DPS Files to Have Emily Griffith Opportunity School Designated Historic
The circa 1926 school would be saved under the current plan.
Emily Griffith would likely give this assignment an A, even if it required a couple of extensions — and isn't a done deal yet. The legendary educator who founded the Opportunity School in Denver a century ago was a visionary, opening a groundbreaking program that was geared toward giving an education to anyone in the city — no matter where they were from, no matter their age, no matter their income. The free school started out in an abandoned Denver Public Schools building, but a decade later the Opportunity School moved into a brand-spanking new DPS facility at 1250 Welton Street, a structure with the word "Opportunity" over the entryway.
Today that building — and others added along the block as the Emily Griffith complex grew, and grew — is empty. The school, which was renamed after Emily Griffith retired, has moved into separate complexes: The Emily Griffith Technical College and Emily Griffith High School are based at 1860 Lincoln Street; many of the more technical classes are offered at a new facility on Osage Street. None use the word "Opportunity."
But the old building represents plenty of opportunity for the DPS, which is now selling the property, and for developers, who'd like to build on that prime patch of downtown real estate right by the Colorado Convention Center. In late 2012, DPS was ready to apply for a certificate of non-historic designation, which would have allowed the destruction of the complex, wiping the entire Emily Griffith slate clean.
But then Historic Denver stepped in, and over the past few years the nonprofit has been working with the district and city officials on options that would preserve Emily Griffith's legacy, if not every structure associated with it. Earlier this month, the group outlined the preferred option: allowing DPS to sell the block, but at the same time require that the circa 1926 school building and some contributing structures be saved, and incorporated into any design by the developer. At the same time, the developer could demolish the "non-contributing" buildings on the Glenarm Street side of the block (one of which is currently storing possessions of the homeless, which were collected in sweeps last month), and even build above some of the historic areas in the middle.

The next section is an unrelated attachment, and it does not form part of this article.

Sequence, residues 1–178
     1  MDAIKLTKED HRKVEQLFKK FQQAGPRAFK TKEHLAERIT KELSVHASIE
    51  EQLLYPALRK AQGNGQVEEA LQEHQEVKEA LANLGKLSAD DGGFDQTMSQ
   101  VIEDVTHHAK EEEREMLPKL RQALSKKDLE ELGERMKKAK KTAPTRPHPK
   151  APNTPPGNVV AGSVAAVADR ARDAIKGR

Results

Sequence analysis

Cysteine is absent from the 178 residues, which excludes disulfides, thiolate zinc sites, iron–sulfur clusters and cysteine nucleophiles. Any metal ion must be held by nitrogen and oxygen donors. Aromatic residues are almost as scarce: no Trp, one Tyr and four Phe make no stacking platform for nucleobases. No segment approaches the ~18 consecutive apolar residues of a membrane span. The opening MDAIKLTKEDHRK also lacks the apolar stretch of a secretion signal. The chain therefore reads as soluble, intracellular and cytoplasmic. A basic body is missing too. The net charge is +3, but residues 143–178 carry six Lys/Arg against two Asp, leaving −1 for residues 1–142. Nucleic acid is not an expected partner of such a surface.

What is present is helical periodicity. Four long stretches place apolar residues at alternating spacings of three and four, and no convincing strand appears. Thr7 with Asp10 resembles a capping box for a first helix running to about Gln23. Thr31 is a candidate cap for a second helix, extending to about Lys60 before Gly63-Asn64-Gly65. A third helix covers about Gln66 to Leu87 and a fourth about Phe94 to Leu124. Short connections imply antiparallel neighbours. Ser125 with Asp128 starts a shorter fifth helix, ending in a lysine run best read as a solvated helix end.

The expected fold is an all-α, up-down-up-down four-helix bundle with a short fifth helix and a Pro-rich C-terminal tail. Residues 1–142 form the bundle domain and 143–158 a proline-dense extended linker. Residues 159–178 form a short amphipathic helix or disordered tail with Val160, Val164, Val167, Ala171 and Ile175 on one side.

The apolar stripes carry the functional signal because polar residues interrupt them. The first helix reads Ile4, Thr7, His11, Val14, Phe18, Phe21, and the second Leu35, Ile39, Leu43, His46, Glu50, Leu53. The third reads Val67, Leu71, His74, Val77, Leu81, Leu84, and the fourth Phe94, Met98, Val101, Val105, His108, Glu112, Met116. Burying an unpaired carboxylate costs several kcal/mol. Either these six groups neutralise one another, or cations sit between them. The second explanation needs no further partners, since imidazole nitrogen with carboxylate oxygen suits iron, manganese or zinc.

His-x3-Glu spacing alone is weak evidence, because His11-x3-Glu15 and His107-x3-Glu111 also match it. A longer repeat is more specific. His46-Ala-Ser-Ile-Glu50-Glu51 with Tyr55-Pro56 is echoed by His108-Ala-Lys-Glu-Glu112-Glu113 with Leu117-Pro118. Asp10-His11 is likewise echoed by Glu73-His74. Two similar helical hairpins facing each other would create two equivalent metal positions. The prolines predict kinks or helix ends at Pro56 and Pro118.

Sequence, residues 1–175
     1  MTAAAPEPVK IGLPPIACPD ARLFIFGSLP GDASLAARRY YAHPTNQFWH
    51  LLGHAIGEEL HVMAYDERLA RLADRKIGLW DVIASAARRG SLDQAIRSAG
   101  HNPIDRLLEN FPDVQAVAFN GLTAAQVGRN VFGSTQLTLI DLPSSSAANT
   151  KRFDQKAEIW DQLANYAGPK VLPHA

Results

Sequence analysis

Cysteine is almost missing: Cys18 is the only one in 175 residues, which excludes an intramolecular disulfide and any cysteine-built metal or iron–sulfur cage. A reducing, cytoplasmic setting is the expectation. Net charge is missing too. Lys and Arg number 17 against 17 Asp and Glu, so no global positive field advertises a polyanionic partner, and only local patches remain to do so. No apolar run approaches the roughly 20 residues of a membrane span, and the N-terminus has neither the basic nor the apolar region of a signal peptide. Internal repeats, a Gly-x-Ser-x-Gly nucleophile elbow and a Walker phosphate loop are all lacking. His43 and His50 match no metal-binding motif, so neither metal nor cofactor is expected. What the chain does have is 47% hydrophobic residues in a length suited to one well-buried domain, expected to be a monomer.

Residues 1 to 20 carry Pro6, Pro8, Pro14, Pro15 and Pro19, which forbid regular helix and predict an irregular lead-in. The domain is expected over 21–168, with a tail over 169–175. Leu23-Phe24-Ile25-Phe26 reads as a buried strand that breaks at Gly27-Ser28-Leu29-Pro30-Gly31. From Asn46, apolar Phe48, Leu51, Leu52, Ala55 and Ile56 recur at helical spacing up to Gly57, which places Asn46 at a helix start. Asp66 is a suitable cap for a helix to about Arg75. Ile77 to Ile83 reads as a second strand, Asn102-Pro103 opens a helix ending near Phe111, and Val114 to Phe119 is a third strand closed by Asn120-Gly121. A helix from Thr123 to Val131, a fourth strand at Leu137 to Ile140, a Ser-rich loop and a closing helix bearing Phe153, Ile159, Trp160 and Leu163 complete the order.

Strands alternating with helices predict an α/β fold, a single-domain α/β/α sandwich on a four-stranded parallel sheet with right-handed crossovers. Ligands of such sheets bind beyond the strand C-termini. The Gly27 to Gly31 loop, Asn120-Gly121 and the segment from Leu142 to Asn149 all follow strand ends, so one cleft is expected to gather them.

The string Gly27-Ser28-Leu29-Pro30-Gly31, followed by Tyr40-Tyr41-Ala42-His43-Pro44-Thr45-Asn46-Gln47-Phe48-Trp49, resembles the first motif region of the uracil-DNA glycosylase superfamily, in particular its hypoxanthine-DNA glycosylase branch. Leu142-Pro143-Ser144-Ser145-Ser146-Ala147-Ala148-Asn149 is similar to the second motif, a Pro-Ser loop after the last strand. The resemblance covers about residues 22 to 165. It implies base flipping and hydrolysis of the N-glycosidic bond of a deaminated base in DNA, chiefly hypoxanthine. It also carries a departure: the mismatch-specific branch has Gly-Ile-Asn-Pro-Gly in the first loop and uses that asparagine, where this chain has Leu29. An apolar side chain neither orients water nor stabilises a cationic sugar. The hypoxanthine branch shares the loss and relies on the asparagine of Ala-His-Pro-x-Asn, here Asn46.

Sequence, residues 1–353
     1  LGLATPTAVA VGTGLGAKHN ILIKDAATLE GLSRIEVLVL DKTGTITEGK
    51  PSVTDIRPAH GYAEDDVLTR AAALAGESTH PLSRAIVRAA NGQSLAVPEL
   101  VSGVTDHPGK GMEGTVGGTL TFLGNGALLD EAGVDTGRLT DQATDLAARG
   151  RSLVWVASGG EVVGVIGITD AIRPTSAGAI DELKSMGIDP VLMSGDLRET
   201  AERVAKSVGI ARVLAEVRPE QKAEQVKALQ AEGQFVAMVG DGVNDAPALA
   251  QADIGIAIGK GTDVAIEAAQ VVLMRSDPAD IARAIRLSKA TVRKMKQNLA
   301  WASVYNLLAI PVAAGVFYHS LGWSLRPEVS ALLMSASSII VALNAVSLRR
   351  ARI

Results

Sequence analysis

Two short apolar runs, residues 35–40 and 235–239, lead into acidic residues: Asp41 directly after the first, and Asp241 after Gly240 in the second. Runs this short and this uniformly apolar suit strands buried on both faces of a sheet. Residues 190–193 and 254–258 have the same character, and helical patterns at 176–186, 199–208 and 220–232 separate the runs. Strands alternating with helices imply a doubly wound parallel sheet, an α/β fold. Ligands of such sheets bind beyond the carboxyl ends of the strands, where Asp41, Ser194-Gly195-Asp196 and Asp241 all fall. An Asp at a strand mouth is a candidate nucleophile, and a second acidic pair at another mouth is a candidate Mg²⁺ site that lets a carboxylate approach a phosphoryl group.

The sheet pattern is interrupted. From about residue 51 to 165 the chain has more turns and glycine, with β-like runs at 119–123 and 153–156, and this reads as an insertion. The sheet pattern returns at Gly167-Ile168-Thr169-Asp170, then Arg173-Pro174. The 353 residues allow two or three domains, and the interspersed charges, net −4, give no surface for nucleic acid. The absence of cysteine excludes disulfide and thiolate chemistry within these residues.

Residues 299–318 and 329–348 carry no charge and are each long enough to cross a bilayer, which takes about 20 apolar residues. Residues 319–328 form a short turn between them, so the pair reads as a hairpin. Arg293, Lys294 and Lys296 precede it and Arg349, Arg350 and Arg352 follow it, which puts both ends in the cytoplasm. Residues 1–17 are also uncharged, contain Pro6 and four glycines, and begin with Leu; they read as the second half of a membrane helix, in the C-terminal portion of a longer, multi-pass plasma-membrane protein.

This building, which is currently storing possessions taken from the homeless, could be demolished.
Yesterday, DPS filed an application for historic designation for much of the complex with Community Planning and Development. "Each step of the process leading to this historic designation application and design guidelines has been carefully considered," David Suppes, COO of DPS, wrote in an accompanying letter to the Landmark Preservation Commission. "Having the support of the historic community, as evidenced by Historic Denver being a co-applicant, is a testament to the importance that has been placed on this historic school property. The willingness of the civic, business and development communities to engage and provide input on how to balance the goals of the school district and the interests of the broader community has been invaluable."
Here's how the block would be divided under the application:
The Landmark Preservation Commission will hold a public hearing on the application at 1 p.m. April 19; after that, the application will move to Denver City Council's Neighborhood and Planning Committee for a public meeting on April 27. A public hearing before Denver City Council is scheduled for May 16.
Here are the DPS letter to the Landmark Preservation Commission, the historic designation application and addendums:
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